The harmful health effects of smoking are widely known in Texas. Smoking causes cancer, premature aging and is bad for those surrounding a smoker. For some, these possibilities and the Surgeon General's warning just are not scary enough to kick the habit. But, for smokers in Texas that seek child custody, a new trend may be enough to scare them of the habit.
Increasingly, smoking is a factor being considered when deciding which of a parent will gain custody of children. In at least 18 states, courts have ruled that exposing a child to tobacco smoke is cause for consideration in custody proceedings.
Furthermore, parents that smoke have had their visitation rights reduced and courts have ordered that some parents must not smoke for 24 hours, or even 48 hours in some cases, inside before their child arrives to stay.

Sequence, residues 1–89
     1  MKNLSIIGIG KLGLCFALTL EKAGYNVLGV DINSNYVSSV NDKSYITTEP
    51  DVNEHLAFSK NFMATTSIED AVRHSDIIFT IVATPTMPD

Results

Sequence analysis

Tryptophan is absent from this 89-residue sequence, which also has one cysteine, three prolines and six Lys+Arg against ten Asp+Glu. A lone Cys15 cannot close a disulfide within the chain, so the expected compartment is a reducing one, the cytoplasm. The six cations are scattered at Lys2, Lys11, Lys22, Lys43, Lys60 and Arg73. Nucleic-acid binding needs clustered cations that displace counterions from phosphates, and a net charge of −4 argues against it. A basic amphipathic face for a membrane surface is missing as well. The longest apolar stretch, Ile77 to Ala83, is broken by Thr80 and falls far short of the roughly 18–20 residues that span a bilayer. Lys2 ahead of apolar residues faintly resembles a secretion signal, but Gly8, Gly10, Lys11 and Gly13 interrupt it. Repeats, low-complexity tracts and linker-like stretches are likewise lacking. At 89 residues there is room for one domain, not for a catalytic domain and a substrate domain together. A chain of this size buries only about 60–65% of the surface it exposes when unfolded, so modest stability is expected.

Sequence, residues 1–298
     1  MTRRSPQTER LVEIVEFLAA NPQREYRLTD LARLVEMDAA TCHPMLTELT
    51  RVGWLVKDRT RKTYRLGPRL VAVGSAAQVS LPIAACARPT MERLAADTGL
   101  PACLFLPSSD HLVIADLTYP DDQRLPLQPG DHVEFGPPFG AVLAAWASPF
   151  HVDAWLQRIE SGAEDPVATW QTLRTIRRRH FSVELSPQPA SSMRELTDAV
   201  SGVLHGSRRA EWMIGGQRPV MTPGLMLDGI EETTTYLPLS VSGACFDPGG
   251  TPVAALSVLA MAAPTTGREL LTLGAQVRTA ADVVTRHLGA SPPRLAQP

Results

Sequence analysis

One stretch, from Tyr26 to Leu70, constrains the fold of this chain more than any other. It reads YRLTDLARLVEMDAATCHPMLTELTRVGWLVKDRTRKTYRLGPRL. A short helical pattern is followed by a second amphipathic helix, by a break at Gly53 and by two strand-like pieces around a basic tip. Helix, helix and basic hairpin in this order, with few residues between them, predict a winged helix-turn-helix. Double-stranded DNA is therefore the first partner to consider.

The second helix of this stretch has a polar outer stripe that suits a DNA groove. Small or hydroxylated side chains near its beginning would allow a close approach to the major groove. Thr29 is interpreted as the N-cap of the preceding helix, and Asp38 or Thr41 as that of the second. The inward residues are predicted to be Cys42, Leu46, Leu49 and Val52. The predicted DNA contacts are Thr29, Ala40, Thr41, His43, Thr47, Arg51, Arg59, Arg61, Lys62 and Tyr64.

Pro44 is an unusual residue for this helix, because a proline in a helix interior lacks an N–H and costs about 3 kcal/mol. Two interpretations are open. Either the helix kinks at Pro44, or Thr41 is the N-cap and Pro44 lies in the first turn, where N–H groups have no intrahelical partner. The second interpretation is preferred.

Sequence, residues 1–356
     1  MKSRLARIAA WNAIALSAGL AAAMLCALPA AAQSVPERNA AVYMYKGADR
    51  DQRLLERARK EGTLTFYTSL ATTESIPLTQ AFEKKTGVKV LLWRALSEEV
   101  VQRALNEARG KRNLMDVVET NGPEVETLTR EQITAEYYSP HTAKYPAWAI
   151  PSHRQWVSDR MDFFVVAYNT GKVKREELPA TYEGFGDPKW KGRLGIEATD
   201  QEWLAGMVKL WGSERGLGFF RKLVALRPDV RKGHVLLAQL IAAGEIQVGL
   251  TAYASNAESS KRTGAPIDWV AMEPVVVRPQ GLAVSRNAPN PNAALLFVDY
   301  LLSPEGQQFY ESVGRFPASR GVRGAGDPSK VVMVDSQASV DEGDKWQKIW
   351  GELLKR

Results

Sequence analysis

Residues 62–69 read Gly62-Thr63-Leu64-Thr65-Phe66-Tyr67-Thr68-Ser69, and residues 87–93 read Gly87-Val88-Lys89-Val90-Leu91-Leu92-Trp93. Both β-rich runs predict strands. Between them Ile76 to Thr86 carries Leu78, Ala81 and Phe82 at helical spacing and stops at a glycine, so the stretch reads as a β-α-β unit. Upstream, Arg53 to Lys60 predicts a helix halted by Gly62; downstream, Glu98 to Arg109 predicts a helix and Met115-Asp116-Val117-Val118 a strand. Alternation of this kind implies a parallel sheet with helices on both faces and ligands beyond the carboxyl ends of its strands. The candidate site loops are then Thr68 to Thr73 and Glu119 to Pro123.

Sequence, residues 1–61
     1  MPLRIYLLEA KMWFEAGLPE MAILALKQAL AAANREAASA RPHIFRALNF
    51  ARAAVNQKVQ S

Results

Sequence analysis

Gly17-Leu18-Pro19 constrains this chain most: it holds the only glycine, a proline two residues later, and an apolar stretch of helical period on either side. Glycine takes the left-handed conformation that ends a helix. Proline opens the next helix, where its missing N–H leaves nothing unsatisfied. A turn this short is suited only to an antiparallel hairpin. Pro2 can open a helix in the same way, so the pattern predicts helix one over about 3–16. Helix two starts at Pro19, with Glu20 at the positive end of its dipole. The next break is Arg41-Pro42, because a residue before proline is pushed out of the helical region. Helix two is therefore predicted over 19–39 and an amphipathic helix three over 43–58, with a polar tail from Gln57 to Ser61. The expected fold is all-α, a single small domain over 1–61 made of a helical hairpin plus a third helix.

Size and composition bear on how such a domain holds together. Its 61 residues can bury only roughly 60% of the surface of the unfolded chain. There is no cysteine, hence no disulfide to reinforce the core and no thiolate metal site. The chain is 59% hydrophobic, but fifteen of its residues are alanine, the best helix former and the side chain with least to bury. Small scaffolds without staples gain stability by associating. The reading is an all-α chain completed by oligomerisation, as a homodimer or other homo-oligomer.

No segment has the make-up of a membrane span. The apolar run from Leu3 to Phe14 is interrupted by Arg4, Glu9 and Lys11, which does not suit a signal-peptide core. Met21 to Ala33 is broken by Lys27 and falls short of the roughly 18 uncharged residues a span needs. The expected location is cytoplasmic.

If a resident of Texas is seeking custody of their child and they are a smoker, they would do well to heed warning. Many judges are skeptical that a parent that has quit during or shortly before a custody hearing will continue a smoke-free lifestyle. However, there are things that a smoker can do to improve their odds.
An individual seeking custody of their child should never smoke inside, never smoke in a vehicle and be sure to never allow others to smoke around the child -- particularly if the child has a respiratory condition. Furthermore, if a parent in Texas is seeking custody of their child and is a smoker, they would do well to consult with experienced legal counsel.
Source: The Washington Times, "Smokers losing child custody cases a growing trend," Myra Fleischer, Feb. 21, 2012